With the European Green Deal, the EU is setting in motion a set of policies and measures aimed at preventing and alleviating the effects of climate change. The main objective is to embark on the transition to a climate-neutral economy. These much needed climate policies, however, may have undesirable distributional effects on individuals and companies. As well as their intended effects, some measures, such as carbon taxes, can have associated regressive effects, negatively impacting on people with lower income levels, and hence lowering their acceptability.
This report describes Eurofound's activities, particularly its research, information and communication programmes and policy achievements, in relation to the objectives set in the Work Programme 2020. It also covers the management and external evaluation control systems, key performance indicators, and financial and HR information.
The EU has long supported innovation in business and in workplaces. The challenges facing Europe as it emerges from the COVID-19 crisis make the need for innovation more urgent. The NextGenerationEU recovery package requires a reorientation of business activities towards innovation for resilience. Looking to the longer term, policies such as the European Industrial Strategy aim to support the transition to a green and digital economy.
As we leave behind the lockdowns and business disruptions of COVID-19 and enter a ‘new normal’, it is time to talk about how workplaces might be transformed to drive innovation. Some may baulk at this suggestion, as we continue to grapple with the pandemic fallout, but crises have always been a cradle for change, creating a space to reflect on the things that are not working and to find solutions to them. Innovation is critical now as Europe faces into the transition to a green and digital economy. Businesses will have to develop processes, products and business models that are compatible with a climate-neutral future. They will have to digitalise across their operations and outputs, and do so fast to stay abreast of the competition.
Vaccine acceptance is key to the success of COVID-19 vaccination campaigns worldwide. Worryingly, over a quarter of people living in Europe are hesitant about taking a COVID-19 vaccine, and the level of hesitancy is especially high among heavy users of social media. The spread of misinformation on social media is an obstacle to reaching the goal of herd immunity against the coronavirus. Strategies to communicate clear and unbiased political and scientific information are needed to counter the effect of misinformation.
COVID-19 has shown that some things can hit us out of the blue. The pandemic sent a shockwave through businesses all over the world and has brought massive changes to work organisation, internal communication and day-to-day operations for many companies. Doubtless, the depth of the pandemic’s impact on workplaces depended on many factors: the nature of the business, for instance, or the sector of activity. But are there any lessons to be learnt about the factors that helped some organisations to navigate through the crisis more smoothly than others?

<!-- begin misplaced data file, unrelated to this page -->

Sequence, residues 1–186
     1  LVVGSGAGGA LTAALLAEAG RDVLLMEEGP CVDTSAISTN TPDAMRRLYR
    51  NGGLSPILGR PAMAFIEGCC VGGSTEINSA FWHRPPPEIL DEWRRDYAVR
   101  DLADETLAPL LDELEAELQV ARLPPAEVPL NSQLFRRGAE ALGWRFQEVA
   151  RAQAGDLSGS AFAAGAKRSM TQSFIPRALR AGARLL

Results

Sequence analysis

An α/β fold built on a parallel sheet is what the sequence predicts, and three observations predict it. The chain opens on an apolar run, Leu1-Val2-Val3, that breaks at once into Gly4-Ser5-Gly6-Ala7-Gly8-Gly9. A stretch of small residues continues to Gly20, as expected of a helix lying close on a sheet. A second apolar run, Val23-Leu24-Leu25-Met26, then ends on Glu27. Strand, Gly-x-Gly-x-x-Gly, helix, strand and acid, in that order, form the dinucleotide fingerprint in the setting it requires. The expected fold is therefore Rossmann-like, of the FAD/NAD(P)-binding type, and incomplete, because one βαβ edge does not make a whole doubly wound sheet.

With its proposed directive on gender pay transparency, the European Commission has significantly bolstered the set of tools for delivering its objectives compared to those presented in its 2014 Recommendation. The proposed portfolio of measures addresses many shortcomings of the instruments that national authorities currently employ. And while some issues will still require clarification, further reflection or debate during the negotiations, the proposal is a truly European one: it draws on good practice from the policies of different countries rather than taking the approach of just one as a blueprint.
This report summarises how minimum wage rates for 2021 were set during 2020 – the year marked by the COVID-19 pandemic. It reviews the difficulties faced by national decision-makers and how they reacted to the challenges of the economic and social fall-out of the pandemic when making decisions regarding the minimum wage. It maps the extent to which minimum wages were referred to in COVID-19-related support measures. It discusses advances made on the EU initiative on adequate minimum wages and maps the reactions of the EU-level social partners and national decision-makers.
Decision-makers approached minimum wage setting for 2021 cautiously due to the economic uncertainty caused by the pandemic. Despite this, nominal statutory minimum wages rose in most Member States and the UK, although at lower rates than in recent years.
The massive and rapid adoption of telework in 2020 in response to the COVID-19 lockdowns exposed gaps in the legislation governing telework arrangements across the EU Member States. In some cases, there was no regulation in place; in others, it was too restrictive. Governments scrambled to put temporary measures in place to cover the emergency situation and the urgent need to enable workers to work from home. Now that the pandemic is receding and wholesale telework seems to be here to stay, governments are faced with the need to properly regulate such arrangements. Member States are following different paths, but the EU might step in to promote some level of standardisation.
Eurofound’s European Company Survey (ECS) maps and analyses company policies and practices which can have an impact on smart, sustainable and inclusive growth, as well as the development of social dialogue in companies. This series consists of outputs from the ECS 2009, the second edition of the survey. The survey was first carried out in 2004–2005 as the European Establishment Survey on Working Time and Work-Life Balance.
Eurofound’s European Company Survey (ECS) maps and analyses company policies and practices which can have an impact on smart, sustainable and inclusive growth, as well as the development of social dialogue in companies. This series consists of outputs from the ECS 2013, the third edition of the survey. The survey was first carried out in 2004–2005 as the European Establishment Survey on Working Time and Work-Life Balance.
Eurofound’s European Quality of Life Survey (EQLS) examines both the objective circumstances of European citizens' lives and how they feel about those circumstances and their lives in general. This series consists of outputs from the EQLS 2003, the first edition of the survey.